The current classification is as follows:
Branson (1972) provided a description and photographs of H. dromedarius.Ovaska et al.(2002) provided a redescription and diagram of the anatomy of the reproductive system, which is typically important for the identification of slugs (Kerney and Cameron 1979; Tompa 1984).
Hemphillia dromedarius is a relatively large slug (total length to approximately 60 mm when extended--Fig. 1). As in other members of the genus Hemphillia, the visceral pouch is elevated into a pronounced hump and a part of the internal shell plate is visible through a slit in the mantle. The tail is laterally compressed, keeled, and tipped with a horn-like protuberance, termed the caudal horn. The predominant colour of the mantle and foot is typically gray with cream-coloured mottling on the sides; the sole of the foot is pale yellow, orange-yellow, or cream-coloured.
Jumping-slugs are distinct in appearance and unlikely to be confused with members of other genera, but H. dromedarius can be confused with other species of the genus. In British Columbia, larger body size and lack of conical papillae on the mantle distinguish it from the sympatric H. glandulosa. Hemphillia camelus is approximately the same size as the H. dromedarius but lacks a prominent caudal horn. In British Columbia the two species are allopatric; H. camelus occurs east of the Coast Mountains, whereas H. dromedarius appears to be confined to Vancouver Island. Features of the distal reproductive system, particularly the penis and associated structures, can be used to confirm species identification. A diagram of the distal reproductive system of a specimen from British Columbia is shown in Fig. 2.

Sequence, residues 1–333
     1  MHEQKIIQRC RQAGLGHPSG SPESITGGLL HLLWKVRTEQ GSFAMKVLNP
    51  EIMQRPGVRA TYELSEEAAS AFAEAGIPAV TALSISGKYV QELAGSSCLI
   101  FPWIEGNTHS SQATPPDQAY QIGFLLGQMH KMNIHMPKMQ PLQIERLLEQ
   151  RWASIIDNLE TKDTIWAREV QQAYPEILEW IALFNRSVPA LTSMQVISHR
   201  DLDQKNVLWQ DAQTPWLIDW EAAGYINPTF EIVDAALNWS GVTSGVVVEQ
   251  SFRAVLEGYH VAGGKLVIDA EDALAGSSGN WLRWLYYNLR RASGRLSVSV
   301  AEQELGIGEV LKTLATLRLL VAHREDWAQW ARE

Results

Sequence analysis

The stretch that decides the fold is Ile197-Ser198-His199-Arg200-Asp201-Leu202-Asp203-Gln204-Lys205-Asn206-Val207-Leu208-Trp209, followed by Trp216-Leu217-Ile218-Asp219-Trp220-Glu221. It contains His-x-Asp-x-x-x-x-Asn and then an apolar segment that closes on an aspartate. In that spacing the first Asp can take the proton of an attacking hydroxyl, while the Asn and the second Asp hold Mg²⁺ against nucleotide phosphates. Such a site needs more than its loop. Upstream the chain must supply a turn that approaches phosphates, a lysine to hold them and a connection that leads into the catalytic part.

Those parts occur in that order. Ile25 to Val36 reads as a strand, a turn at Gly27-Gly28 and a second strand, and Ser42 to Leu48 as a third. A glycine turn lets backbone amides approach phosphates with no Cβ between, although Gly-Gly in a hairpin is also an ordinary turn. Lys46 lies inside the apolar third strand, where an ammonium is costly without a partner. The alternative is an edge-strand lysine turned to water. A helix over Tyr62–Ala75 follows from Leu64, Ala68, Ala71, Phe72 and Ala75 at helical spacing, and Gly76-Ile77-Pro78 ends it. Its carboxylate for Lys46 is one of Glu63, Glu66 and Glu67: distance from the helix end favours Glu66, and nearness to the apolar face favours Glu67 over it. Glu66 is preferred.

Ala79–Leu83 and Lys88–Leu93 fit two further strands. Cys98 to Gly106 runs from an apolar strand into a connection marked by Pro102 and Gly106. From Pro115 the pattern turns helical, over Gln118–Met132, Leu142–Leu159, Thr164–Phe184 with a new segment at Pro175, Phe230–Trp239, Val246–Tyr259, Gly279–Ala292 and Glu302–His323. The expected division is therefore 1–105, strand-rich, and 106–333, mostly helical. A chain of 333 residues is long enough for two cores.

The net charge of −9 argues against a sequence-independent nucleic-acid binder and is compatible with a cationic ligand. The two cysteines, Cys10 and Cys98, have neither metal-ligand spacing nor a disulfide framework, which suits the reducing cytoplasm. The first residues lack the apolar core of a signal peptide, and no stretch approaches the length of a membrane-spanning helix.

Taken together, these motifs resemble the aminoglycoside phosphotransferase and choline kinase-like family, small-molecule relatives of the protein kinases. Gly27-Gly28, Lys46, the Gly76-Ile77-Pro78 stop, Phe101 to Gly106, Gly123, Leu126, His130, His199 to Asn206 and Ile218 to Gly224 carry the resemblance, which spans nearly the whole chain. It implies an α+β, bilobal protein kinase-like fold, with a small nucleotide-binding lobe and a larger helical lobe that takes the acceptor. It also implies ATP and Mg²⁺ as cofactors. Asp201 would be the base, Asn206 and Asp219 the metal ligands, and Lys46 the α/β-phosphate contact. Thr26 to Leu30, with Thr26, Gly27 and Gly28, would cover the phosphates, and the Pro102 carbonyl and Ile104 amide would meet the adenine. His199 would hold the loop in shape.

The geographic distribution of H. dromedarius is poorly known, and only a few records exist in the literature. The species is known from western Washington (<25 published records) and from southern British Columbia (Fig. 3; Branson, 1972, 1977, 1980; Ovaska et al.2002). In Washington, records exist from the Cascade Range and the Olympic Peninsula; the species appears to be fairly widespread within these two areas and has been collected from several national parks (Olympic, Northern Cascades, Snoqualmie, Wenatchee, Mt. Baker, and Mt. Rainier National Parks). The easternmost records are from the east slope of the Cascade Range (Ovaska et al. 2002). An unconfirmed, isolated sight record exists from northern Oregon (J. Ziegltrum, pers. comm.). Some of the early records from western Washington for H. malonei reported by Pilsbry (1948), and not dissected by him due to unavailability of specimens, may belong to this species. The ranges of the two species overlap broadly in western Washington, but they can be distinguished relatively easily based on external appearance and reproductive anatomy.